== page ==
Rayburned-Out

June 16, 2011

It’s that time of year again. In fact, looking back through the blog, it’s well past that time of year again: Rayburn-switching-off-time. Normally we’d have done the deed three or four weeks ago but it just hasn’t been that warm, and so we’ve been putting it off. In fact, it still isn’t all that warm or pleasant, indoors or out, but we’ve decided to do the deed anyway – better to burn the oil in the winter when it makes the difference between miserable and bearable, than in the summer when it’s merely the difference between bearable and quite pleasant.

Of course, we couldn’t just turn the Rayburn off like that – we have to plan for it. You see, having the Rayburn on means that some things (long slow-cooked meals, making stock, drying clothes if the gap between showers wasn’t quite long enough, hollandaise sauce, melting chocolate or butter without pratting around with a double boiler) make sense whereas other things (not spending all your money on oil, frying anything) don’t. So first we had to switch our week’s menu to our summer dishes, and then we had to finish off doing all the Rayburn-friendly things we wanted to do while we still could. And as today is its last day, I ended up spending it in full-on Domestic Goddess mode (well, Domestic Goddess-ish), finishing up making stock from the backlog of frozen chicken carcases and making white chocolate ‘blondies‘, courtesy of Hugh ‘use all the bowls in the kitchen’ Fearnley-Whittingstall (I mean, count them, that recipe requires FIVE separate bowls. It’s worth it though).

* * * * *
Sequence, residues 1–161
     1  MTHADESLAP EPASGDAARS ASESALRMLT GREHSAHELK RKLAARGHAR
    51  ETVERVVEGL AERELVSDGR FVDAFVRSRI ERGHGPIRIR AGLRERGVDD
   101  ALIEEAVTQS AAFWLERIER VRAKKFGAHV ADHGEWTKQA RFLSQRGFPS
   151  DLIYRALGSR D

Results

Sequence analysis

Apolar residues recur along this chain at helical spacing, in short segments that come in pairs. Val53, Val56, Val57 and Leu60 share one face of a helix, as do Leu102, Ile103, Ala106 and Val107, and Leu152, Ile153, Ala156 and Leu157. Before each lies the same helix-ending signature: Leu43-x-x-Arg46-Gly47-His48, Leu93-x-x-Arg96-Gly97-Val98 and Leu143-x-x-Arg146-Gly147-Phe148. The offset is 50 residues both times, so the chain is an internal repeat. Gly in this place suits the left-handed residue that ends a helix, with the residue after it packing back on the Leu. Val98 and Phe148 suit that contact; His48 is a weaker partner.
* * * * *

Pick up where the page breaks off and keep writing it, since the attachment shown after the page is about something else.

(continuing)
The kitchen is now lightly coated with flour, the stock is ready for our last batch of risotto (the condemned cooker made a hearty meal), and the Rayburn is awaiting the coup-de-grace. Just as soon as I can will myself to do it.

Maybe in an hour or so, eh?


Seeing the Flowers for the Weeds

June 15, 2011

The garden has reached the whack-a-mole* stage of the year where all thought of working through a schedule of tasks gets abandoned in favour of doing whichever bit of weeding most desperately needs to be tackled next, before a machete is needed to find your bench, car, or the way out of the house… (of course, while the weeds are growing like, well, weeds, my beans are still growing like – well something that doesn’t grow very fast. Or at all)

Yesterday’s candidate for whacking was the thistle which I’d been putting off but it had finally showed its true colours, meaning the ‘very elegant sea holly’ excuse was wearing a little thin (thanks, emma c). So donning two pairs of gloves and deploying a shovel and a pair of secateurs I managed to fell it and get it into the wheelbarrow without poking too many extra holes in myself in the process (although I did find out later that it had scattered countless little needle-sharp thorns all around where it had been so it got the last laugh). Quite satisfying to fill a whole wheelbarrow with a single weed…


The problem with gardening is that while everybody else – if they squint a bit and ignore the state of the cobbles – will probably look at that photo and see a not bad display of early summer flowers, whereas I see weeds, things about to topple over that I haven’t properly supported, things which are all flowering at once and will then sit there looking lumpy for the rest of the year, too much of one kind of purple, oh look is that bindweed, snails, the first of the solomon seal cutfly larvae, some pots which I meant to plant up and didn’t get round to …

You can never just relax and enjoy it, can you? And I’m not the only one: if this picture came with sound you’d hear nothing but the buzzing of the bees, bumbling around the flowers. They can’t relax and enjoy a garden either, although they do seem to appreciate it all the same.

*Not literally. I quite like moles, although that’s probably only because they haven’t laid waste to anything yet.


Creaking Along

June 14, 2011